Boaz Weinstein, a hedge fund manager, doesn’t think Credit Suisse will default on its debt, but if it does, his derivatives play on the bank might make him a lot of money, demonstrating how hedge funds take advantage of unpredictable markets in an effort to provide lucrative returns.
Last year, speculators upped their wagers against the Swiss bank due to worries about the amount of capital it would require to strengthen its balance sheet in the midst of a confidence crisis that was made worse by unreliable social media claims about the bank’s financial situation.
S&P Global Market Intelligence reports that as of October 31, hedge fund managers and other speculators have borrowed more than 5% of Credit Suisse’s stock in order to short it, which is the biggest level since at least 2006.
Regarding Credit Suisse’s credit default swaps (CDS), derivative contracts that provide insurance protection and pay out when a firm default on its debt, Weinstein disclosed to Reuters that he had a dual long and short position. On the bank, he has a 2-year long and 10-year short protection. “The curve trade in Credit Suisse reflects my belief that, in the next two years, the drama surrounding Credit Suisse will come to a conclusion, for better or worse, in some fashion. I think things will turn around and they’ll get better “Weinstein revealed a portion of his trading approach.
In 2009, Weinstein served as the manager of a proprietary trading fund at Deutsche Bank that was spun off to become Saba Capital Management.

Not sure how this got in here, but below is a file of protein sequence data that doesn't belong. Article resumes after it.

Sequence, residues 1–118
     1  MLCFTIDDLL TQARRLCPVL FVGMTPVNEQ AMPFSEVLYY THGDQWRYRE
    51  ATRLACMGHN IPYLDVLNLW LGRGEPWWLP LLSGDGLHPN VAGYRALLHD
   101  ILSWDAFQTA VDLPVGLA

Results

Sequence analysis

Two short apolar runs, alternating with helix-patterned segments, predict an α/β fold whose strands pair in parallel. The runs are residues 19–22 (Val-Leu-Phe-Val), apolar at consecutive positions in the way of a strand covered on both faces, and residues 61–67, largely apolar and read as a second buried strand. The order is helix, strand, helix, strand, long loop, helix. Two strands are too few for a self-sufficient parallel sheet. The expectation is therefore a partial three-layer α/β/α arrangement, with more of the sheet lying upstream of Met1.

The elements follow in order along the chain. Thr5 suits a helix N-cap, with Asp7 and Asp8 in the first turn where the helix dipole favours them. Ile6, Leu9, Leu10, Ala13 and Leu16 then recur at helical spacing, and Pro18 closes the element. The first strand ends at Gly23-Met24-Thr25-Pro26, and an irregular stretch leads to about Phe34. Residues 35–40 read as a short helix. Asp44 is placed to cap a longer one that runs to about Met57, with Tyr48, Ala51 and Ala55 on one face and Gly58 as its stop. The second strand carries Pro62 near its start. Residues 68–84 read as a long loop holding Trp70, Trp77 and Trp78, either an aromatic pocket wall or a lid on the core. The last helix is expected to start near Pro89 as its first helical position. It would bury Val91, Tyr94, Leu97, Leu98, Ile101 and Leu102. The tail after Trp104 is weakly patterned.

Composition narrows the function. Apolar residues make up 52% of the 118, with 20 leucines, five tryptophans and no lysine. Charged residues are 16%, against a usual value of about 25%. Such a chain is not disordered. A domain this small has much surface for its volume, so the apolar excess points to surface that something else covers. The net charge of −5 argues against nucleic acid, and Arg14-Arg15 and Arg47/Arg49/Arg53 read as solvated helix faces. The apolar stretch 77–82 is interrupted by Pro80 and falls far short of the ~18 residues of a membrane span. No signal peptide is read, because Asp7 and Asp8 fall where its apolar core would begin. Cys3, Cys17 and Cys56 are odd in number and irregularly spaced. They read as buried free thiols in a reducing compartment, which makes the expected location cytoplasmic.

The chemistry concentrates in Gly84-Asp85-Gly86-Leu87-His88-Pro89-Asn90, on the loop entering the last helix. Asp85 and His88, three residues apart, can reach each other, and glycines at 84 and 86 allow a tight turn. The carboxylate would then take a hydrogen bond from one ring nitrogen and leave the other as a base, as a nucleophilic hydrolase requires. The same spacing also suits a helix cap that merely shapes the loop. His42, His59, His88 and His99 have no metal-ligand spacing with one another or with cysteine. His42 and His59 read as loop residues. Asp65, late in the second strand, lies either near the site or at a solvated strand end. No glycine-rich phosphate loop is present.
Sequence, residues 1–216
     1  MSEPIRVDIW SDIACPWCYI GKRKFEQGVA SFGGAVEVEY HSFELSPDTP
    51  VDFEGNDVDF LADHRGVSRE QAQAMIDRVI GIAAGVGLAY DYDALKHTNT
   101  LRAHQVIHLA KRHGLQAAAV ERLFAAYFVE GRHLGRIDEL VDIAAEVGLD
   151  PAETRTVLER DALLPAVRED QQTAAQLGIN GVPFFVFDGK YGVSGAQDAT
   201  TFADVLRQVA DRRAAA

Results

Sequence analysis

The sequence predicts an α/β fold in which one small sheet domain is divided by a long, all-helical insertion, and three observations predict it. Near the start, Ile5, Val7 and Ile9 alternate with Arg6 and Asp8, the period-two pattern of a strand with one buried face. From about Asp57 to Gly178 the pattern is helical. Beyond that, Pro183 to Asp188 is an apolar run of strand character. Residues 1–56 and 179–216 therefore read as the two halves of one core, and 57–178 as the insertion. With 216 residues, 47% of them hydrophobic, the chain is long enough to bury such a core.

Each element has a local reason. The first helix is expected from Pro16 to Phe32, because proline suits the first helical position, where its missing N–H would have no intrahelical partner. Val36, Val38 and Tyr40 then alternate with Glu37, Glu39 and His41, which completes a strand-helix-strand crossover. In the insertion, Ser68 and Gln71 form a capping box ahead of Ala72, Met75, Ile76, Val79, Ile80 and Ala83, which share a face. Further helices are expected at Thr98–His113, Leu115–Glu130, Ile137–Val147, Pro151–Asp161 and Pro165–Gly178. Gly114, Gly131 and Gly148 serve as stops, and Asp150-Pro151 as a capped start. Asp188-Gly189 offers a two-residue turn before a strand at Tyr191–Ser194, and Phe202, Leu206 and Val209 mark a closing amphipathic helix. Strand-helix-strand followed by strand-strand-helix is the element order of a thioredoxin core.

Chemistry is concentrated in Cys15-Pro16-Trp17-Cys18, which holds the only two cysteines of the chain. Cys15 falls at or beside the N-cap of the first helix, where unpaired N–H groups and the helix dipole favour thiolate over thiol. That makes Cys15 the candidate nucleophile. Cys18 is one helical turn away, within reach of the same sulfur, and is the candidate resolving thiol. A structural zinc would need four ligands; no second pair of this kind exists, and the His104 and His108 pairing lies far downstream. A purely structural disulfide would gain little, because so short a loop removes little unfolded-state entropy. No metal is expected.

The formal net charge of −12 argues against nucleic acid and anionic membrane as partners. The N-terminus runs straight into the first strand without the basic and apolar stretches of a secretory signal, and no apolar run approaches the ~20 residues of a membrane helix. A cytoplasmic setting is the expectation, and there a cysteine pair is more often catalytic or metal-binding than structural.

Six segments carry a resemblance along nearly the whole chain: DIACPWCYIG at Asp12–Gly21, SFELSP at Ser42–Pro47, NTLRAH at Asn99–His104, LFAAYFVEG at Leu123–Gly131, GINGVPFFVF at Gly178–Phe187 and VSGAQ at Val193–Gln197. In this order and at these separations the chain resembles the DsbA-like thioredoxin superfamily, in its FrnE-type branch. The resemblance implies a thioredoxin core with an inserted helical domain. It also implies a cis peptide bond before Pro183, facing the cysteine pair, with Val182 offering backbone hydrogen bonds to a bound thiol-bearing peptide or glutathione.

Investors looking for protection from a company or those speculating on its doom may also be attracted by the demand for its CDS. After the bank issued $2.4 billion in rights, the price of Credit Suisse’s CDS skyrocketed through the end of November, and the company’s shares hit their lowest point in 166 years.
Weinstein claims that he observed Credit Suisse’s CDS price curve become increasingly illogical as bearish bets on the company grew in late 2022: the cost of the 2-year protection for the bank was roughly equal to that of the 10-year.
According to Weinstein, Credit Suisse’s CDS and bond curves are mispriced since they suggest that the bank will continue to be viewed as hazardous for many years to come.
He, therefore, purchased the 2-year CDS and sold the 10-year CDS, a strategy known to market traders as a spread or straddle.
When markets are choppy, Weinstein’s $4.8 billion hedge fund manager performs best. His primary fund returned over 28% in 2022 despite 54 significant central bank rate increases, according to market research. Following losses in 2021 and 2019, the identical investment returned 73% in 2020, according to the study.
Investors are using CDS derivatives trades more frequently now, either to hedge against risk or to express a pessimistic outlook. According to S&P Global Market Intelligence data, approximately $30 trillion in CDS indices such the iTraxx and CDX were traded in 2022, the largest since the COVID-19 epidemic in 2020.